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Saturday, June 2, 2012

COMMUNION REVERENCE



The people who want an additional sign of reverence before receiving communion seem to be concerned that going to communion has become routine and thoughtless. They feel that some people merely line up, grab the host, then hustle back to a seat, as if on autopilot. They want people to stop and collect themselves before receiving. They think a gesture of reverence, prayer, or whatever, is important.

The problem is that they are trying to add something to the communion service, rather than looking at what is already there and trying to make it work better. There is already an act of reverence built into the communion rite. It simply is not done as envisioned by the liturgical authorities who developed it.


PART I
In the Roman Catholic communion rite, [and there are very similar rituals for Evangelical Lutherans and Episcopalians] the communion minister is told to hold up the element before the communicant and proclaim, “The Body of Christ.” The communicant is to respond, “Amen.”

What usually happens is that the minister lifts the bread or wine while saying the formula and continues into a motion to give it to the communicant while that communicant responds and then accepts the sacred species. There is no time for a reverent response separate from the reception. All is mushed together.

The sequence is improved by simple changes by the minister, making distinct each element of the rite.
  • Wait until both the minister and the communicant have come to a stop.
  • Hold up the element.
  • Then make the proclamation while the element is before the eyes of the communicant.
  • Give the communicant time to make eye contact with the bread or wine before making a profession of faith by saying “Amen” to the proclamation.
  • After the “Amen,” then offer the communion element to the recipient.
This procedure allows time for a faith transaction before God between the minister and the communicant. It slows and solemnizes the transaction. It requires the minister to focus on what is being offered to each individual instead of on the general communion process.

This might slow things down. That in turn might suggest that more communion ministers are needed, but is this not better, to have a difference in the administration of communion which has a better chance to feel meaningful instead of routine?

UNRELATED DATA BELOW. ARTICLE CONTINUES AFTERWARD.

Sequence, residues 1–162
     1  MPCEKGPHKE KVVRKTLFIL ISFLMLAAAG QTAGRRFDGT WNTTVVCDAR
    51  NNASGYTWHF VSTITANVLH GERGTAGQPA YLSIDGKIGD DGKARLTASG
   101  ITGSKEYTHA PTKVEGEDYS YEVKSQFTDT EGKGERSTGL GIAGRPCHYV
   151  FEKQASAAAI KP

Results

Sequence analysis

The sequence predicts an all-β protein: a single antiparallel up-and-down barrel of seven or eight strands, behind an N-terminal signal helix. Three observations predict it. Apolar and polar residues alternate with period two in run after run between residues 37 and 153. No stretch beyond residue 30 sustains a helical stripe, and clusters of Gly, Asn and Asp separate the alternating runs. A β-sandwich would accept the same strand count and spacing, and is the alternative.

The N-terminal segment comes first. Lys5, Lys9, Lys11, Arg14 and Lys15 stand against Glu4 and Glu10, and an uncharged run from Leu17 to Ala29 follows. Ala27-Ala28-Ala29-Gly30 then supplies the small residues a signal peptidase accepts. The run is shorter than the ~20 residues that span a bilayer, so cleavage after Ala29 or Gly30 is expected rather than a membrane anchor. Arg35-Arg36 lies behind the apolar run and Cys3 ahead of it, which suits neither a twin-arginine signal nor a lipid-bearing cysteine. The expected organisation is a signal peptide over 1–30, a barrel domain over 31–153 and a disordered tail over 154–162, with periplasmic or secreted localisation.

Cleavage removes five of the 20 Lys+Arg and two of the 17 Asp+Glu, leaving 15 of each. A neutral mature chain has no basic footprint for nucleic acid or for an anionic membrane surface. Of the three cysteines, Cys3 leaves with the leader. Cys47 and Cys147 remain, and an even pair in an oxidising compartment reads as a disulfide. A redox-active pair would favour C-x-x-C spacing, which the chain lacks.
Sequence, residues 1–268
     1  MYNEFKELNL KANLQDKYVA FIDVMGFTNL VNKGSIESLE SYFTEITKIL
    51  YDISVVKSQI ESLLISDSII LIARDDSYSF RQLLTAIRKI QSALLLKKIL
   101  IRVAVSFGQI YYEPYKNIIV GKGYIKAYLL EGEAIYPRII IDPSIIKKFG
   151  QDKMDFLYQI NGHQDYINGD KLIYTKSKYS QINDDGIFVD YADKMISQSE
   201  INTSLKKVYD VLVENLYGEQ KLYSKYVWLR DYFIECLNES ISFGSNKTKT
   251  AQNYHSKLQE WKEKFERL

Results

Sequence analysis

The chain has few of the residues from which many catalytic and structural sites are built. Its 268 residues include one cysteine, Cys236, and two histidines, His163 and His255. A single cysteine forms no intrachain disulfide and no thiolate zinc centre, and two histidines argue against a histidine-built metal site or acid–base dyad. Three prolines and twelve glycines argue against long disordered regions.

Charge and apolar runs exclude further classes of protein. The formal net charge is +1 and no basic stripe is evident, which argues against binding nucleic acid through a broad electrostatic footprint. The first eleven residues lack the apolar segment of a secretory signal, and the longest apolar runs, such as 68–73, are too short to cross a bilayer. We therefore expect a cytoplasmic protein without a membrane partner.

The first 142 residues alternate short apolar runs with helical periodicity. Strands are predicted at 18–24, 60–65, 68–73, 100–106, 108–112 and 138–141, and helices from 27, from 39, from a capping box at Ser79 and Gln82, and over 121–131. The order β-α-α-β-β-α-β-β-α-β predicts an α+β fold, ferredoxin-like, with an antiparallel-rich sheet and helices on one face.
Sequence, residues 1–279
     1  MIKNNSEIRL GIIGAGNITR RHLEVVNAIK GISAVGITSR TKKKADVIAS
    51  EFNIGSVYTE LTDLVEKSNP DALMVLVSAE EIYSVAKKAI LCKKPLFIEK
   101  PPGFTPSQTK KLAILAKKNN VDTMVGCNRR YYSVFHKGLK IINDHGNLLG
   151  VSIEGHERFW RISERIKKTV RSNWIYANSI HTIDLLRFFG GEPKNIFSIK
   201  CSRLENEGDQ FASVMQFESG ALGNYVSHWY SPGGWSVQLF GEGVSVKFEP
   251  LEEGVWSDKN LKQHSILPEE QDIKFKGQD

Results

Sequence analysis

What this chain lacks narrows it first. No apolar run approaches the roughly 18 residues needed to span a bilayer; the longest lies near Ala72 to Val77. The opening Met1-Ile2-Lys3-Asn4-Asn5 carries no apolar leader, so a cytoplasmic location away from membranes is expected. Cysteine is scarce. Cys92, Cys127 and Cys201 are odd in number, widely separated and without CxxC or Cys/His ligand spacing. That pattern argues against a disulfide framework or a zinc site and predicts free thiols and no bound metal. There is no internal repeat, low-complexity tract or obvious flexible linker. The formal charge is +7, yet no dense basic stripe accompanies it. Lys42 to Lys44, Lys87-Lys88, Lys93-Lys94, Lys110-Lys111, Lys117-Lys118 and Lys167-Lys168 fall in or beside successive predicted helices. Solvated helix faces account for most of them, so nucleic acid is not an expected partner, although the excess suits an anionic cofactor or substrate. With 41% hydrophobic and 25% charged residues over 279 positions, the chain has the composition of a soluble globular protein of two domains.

PART II

If one is allowed to change the rite for a local congregation, there is a possible change which would help everyone to better understand the meaning of what is happening in the overall communion service.

Instead of having the communicant response be, “Amen,” each could respond, “We are all members of that one body/blood.”

This gets closer to the essence of the communion service, the sharing of all in the body of Christ. This sharing is certainly there as the service exists now in most denominations, but it is there by implication or in its theology and is not very much there experientially. It is too easy to feel that communion is a “me and Jesus” moment instead of a communal experience.

Indeed, that is reflected in the very concern mentioned at the beginning of this article. One [exactly] gets in line, waits a turn to get for oneself what everyone else is getting, then goes back to one's personal place to sit and respond to what one has received.

This does not reflect the doing something with others, communally, which is the essence of liturgical versus private prayer. It does not speak of participation in the body of Christ, of sharing in that one body of which Jesus is the head and we all are members. One belief about communion, Jesus coming to each of us, is too easily able to dominate the more central belief that Jesus comes to all of us and all of us are part of Jesus.

Another essay will get into how what else we do can enhance the communality of community.


Meanwhile, what do you think about these two ideas?

1 comment:

  1. In stead of saying "Amen" when receiving the bread and cup, I prefer saying:

    "We are the Body of Christ."

    "We are the Blood of Christ"

    Many a Eucharistic Minister, priest or deacon are stunned at the reply, but have responded, "Yes, We are the Body, we are the Blood of Chirst>"

    ReplyDelete